Organic farm seeks full-time employee interested in learning the hands-on and business of modern agriculture.
Blue Sky Organic Farms is a family-run farm in Litchfield Park, Arizona, in operation since 1995. The 35-acre farm is certified organic, which means the fields and growing practices meet strict federal standards. We grow 100% of the produce we offer. A selection of our produce is available at Whole Foods Grocery Stores across the Valley, at the Scottsdale Farmers Market, and at our farm store. We recently started a CSA (Community Supported Agriculture) program in which our neighbors support our farm in exchange for a weekly share of our harvest.
We hope to find a candidate willing to work 20 to 40 hours a week. Salary is negotiable. Tasks include hands-on assistance in the fields, tractor operation, irrigation work, and general helping out around the farm. You will learn what it takes to work on a farm but also what it take to run a farm, which includes seeding, equipment, and money management. When you’ve finished your time with us, you will leave with the full knowledge of how to make a farm work, and hopefully, you will be able to start a farm of your own. A business background is useful but not required. We also want people who are passionate about healthy living, buying local, and serving the community.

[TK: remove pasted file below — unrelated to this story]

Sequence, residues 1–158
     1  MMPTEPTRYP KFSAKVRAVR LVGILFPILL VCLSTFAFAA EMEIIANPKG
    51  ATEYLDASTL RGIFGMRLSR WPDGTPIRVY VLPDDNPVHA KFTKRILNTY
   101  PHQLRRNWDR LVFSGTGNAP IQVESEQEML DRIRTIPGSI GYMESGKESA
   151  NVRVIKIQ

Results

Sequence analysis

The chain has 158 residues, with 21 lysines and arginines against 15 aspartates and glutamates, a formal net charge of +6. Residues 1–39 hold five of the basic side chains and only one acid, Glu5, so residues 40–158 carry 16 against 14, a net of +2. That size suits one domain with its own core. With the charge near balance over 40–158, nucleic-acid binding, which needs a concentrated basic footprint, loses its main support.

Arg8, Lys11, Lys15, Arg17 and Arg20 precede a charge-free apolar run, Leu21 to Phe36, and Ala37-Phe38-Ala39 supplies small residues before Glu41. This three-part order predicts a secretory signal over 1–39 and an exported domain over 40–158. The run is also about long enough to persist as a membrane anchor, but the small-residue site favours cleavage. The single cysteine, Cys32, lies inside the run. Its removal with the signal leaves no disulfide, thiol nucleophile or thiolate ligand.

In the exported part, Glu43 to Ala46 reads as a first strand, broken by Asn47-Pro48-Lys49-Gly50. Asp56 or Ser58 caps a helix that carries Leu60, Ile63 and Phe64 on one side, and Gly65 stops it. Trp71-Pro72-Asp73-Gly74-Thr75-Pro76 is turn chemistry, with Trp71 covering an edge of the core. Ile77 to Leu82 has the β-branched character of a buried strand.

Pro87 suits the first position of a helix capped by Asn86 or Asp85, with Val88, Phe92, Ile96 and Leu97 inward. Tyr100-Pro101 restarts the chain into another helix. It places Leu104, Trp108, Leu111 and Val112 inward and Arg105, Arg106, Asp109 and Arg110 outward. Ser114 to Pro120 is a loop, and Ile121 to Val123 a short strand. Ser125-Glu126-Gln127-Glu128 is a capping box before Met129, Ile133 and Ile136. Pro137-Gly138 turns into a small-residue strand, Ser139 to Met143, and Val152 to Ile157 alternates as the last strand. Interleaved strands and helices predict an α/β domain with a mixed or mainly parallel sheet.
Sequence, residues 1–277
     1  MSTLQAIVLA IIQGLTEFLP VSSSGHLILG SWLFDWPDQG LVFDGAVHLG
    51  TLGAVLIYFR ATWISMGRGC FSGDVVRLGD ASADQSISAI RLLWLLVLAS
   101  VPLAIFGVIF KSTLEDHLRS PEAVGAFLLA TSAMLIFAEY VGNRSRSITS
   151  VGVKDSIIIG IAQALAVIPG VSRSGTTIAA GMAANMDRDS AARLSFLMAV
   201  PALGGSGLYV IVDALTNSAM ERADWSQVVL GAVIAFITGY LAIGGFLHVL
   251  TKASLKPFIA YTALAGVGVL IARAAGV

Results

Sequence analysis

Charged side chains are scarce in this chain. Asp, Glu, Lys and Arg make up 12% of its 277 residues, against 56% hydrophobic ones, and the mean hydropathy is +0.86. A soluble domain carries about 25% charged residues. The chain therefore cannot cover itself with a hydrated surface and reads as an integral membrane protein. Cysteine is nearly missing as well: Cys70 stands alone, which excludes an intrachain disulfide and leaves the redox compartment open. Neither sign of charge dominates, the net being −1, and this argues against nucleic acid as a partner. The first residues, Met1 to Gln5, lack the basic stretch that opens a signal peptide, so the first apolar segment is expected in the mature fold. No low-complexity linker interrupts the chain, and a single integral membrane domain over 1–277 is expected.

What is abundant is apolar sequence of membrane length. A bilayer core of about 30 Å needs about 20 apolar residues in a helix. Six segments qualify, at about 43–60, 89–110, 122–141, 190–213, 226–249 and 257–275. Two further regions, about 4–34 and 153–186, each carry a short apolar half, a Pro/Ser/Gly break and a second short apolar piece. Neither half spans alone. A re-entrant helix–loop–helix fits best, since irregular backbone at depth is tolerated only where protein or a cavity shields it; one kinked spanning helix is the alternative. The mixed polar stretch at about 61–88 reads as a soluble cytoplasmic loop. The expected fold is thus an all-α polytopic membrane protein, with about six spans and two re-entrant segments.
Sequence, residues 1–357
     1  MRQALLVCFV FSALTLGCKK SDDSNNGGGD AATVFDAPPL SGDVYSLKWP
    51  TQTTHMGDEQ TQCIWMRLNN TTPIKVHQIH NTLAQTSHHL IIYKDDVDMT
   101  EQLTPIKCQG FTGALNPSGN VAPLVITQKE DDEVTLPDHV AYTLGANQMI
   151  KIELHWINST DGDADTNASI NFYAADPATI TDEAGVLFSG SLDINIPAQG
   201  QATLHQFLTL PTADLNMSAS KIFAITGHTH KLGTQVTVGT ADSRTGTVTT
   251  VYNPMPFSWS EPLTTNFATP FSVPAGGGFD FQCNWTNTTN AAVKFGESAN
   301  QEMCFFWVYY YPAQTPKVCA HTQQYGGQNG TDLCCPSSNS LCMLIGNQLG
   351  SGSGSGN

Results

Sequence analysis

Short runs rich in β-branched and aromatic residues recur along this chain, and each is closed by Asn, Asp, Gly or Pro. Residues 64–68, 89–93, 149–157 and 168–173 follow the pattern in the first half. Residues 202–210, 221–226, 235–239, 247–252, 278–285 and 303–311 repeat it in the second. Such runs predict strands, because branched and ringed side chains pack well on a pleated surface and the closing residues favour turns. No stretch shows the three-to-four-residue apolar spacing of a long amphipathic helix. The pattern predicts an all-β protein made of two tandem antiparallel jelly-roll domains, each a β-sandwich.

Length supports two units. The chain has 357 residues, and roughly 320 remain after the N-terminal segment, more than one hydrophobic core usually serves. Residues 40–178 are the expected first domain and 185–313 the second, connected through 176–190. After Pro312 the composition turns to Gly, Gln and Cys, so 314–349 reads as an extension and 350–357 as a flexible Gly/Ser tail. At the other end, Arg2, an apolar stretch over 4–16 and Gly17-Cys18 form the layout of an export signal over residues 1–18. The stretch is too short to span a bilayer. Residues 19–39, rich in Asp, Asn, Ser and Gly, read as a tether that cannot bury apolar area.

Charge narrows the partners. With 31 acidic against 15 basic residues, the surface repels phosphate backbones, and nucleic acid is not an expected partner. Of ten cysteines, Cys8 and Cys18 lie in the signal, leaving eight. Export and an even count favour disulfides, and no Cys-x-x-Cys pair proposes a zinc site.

If Blue Sky Organic Farms is of interest to you, please contact Sara Bauer at 623-266-4031 or email@example.com
For more information click here.
PUT A FREEZE ON WINTER FIRES
The United State Fire Administration (USFA) and NFPA remind you that home fires are more prevalent in winter than in any other season. People are at greater risk in the winter season when they may use unsafe heat sources or if they don’t follow fire safety rules in the kitchen or while using candles.
Facts and figures
- In 2010, U.S. fire departments responded to an estimated 80,100 non-fire CO incidents in which carbon monoxide was found, or an average of nine calls per hour.
- A person can be poisoned by a small amount of CO over a longer period of time or by a large amount of CO over a shorter amount of time.
Source: NFPA’s Non-Fire Carbon Monoxide Incidents report.
- Roughly half of home electrical fires involve electrical distribution or lighting equipment.
- Nearly half of home electrical fires involve equipment such as fans, washers, dryers, space heaters and air conditioners.